A university in Tokyo gives student scientists the opportunity to plan for life on another planet.
 ‌ ‌ ‌ ‌ ‌ ‌ ‌ ‌ ‌ ‌ ‌ ‌ ‌  ‌ ‌ ‌ ‌ ‌ ‌ ‌ ‌ ‌ ‌ ‌ ‌ ‌  ‌ ‌ ‌ ‌ ‌ ‌ ‌ ‌ ‌ ‌ ‌ ‌ ‌  ‌ ‌ ‌ ‌ ‌ ‌ ‌ ‌ ‌ ‌ ‌ ‌ ‌  ‌ ‌ ‌ ‌ ‌ ‌ ‌ ‌ ‌ ‌ ‌ ‌ ‌  ‌ ‌ ‌ ‌ ‌ ‌ ‌ ‌ ‌ ‌ ‌ ‌ ‌ ‌ ‌ ‌ ‌ ‌ ‌ ‌ ‌ ‌ ‌  ‌ ‌ ‌ ‌ ‌ ‌ ‌ ‌ ‌ ‌ ‌ ‌ ‌  ‌ ‌ ‌ ‌ ‌ ‌ ‌ ‌ ‌ ‌ ‌ ‌ ‌  ‌ ‌ ‌ ‌ ‌ ‌ ‌ ‌ ‌ ‌ ‌ ‌ ‌  ‌ ‌ ‌ ‌ ‌ ‌ ‌ ‌ ‌ ‌ ‌ ‌ ‌  ‌ ‌ ‌ ‌ ‌ ‌ ‌ ‌ ‌ ‌ ‌ ‌ ‌ ‌ ‌ ‌ ‌ ‌ ‌ ‌ ‌ ‌ ‌  ‌ ‌ ‌ ‌ ‌ ‌ ‌ ‌ ‌ ‌ ‌ ‌ ‌  ‌ ‌ ‌ ‌ ‌ ‌ ‌ ‌ ‌ ‌ ‌ ‌ ‌  ‌ ‌ ‌ ‌ ‌ ‌ ‌ ‌ ‌ ‌ ‌ ‌ ‌  ‌ ‌ ‌ ‌ ‌ ‌ ‌ ‌ ‌ ‌ ‌ ‌ ‌  ‌ ‌ ‌ ‌ ‌ ‌ ‌ ‌ ‌ 
View in your browser
Assembly

6 June 2019 | Volume 1, Issue 23
  A note from our editor:
In today’s Assembly, 19-year-old Saraí López reveals how universities in Mexico are not keeping their students safe. Citing examples of violence, robbery, sexual harassment and death, she identifies what steps administrators need to take to protect their campuses. This is one article you don’t want to miss.

Also in this issue, we share a new statistic about the economic benefits of educating girls. Students at the Tokyo University of Science tell us about their research that is preparing humans for life in space. And we celebrate Mauritanian singer Dimi Mint Abba, who had the awesome nickname, “the diva of the desert.”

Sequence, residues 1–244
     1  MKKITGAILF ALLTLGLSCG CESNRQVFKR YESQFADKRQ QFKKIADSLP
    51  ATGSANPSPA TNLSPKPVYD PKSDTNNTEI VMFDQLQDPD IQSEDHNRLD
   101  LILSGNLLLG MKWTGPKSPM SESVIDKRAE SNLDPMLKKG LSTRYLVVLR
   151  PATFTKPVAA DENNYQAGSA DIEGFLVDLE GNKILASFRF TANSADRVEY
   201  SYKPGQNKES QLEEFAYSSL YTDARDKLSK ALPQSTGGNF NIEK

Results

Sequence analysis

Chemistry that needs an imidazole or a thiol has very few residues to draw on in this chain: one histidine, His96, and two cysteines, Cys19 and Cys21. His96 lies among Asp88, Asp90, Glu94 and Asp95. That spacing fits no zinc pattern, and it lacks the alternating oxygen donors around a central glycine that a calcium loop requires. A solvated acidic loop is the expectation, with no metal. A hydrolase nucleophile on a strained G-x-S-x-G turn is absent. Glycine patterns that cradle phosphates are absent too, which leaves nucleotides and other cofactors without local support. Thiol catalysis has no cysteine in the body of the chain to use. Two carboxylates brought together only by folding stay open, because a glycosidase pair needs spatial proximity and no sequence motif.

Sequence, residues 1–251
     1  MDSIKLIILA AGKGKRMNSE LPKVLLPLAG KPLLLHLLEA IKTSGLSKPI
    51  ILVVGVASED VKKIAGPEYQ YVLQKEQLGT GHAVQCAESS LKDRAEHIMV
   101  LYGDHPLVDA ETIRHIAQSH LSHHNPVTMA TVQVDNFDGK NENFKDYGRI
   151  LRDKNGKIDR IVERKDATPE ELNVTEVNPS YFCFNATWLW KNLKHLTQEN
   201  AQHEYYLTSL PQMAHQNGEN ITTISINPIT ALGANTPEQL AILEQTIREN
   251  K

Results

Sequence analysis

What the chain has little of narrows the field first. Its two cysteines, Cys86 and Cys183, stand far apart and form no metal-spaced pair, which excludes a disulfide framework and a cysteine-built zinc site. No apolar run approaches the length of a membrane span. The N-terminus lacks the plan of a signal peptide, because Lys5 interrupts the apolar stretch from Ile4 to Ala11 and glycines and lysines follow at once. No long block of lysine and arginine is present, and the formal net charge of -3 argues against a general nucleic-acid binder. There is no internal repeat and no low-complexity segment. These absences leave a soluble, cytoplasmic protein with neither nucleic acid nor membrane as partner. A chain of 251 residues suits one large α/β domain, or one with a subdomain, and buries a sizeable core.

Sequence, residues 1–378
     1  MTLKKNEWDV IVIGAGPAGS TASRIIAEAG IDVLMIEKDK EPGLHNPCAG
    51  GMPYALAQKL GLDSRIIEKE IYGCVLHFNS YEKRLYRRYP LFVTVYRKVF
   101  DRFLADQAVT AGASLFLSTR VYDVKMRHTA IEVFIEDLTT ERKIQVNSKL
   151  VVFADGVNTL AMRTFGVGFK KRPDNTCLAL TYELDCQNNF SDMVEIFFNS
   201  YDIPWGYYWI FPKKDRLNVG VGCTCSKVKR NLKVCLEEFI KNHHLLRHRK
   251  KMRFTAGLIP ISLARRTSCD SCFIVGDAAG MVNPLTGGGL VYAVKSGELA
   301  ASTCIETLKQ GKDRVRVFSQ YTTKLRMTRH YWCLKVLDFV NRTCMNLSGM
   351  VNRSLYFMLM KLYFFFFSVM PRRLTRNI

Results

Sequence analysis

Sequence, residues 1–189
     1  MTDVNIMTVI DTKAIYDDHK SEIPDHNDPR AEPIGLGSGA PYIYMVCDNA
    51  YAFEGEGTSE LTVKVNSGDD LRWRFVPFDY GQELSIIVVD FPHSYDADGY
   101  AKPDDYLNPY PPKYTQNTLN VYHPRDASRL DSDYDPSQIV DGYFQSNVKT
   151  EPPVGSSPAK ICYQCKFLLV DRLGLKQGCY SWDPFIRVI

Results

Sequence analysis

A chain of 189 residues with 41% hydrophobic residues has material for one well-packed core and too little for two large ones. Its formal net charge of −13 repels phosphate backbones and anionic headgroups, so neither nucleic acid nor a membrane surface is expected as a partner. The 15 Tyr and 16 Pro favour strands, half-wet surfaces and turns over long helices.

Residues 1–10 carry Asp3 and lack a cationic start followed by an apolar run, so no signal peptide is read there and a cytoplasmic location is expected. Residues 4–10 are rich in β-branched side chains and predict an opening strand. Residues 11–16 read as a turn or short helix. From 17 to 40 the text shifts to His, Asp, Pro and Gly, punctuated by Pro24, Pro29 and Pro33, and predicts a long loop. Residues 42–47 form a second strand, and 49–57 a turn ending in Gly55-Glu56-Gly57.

Don’t forget we’re always accepting new pitches! Head to our submission form to tell us your ideas for Assembly.


 
 
Student essay
 
 
 
Universities in Mexico are failing to keep their students safe
Mexican university
  By Saraí López
It is well known that the streets of Mexico are filled with violence, corruption and insecurity. Unfortunately, our schools and universities are going along that line too.

Because corrupt principals and administrative workers steal or divert education funding, some Mexican schools are left without money for technology, infrastructure and even basic services, like running water or toilet paper. Instead of hiring qualified educators, politicians sell teacher positions in public and rural schools. They see schools as a political tool and educating students as an afterthought.

Institutions of higher education are not immune to these problems. On their way to class and on campus, Mexican university students are at risk of violence, robbery, sexual harassment, rape and even death.

I spent a few months studying at a public school before I left because it wasn't meeting my education aspirations. In that short time, I saw firsthand the dangers university students face. Just before I began my degree, students revealed widespread issues of sexual harassment and cover-ups on campus – many other private and public universities in my city then revealed similar situations. When I began my studies, a bus hit my classmate while she was on her way to school. Her unnecessary death occurred because the university didn’t have crossing signals on the road. That same day, a burglar shot and killed another student on her way to class. It was then that I came to the realization that although schools are second homes for many students, they are not places of safety.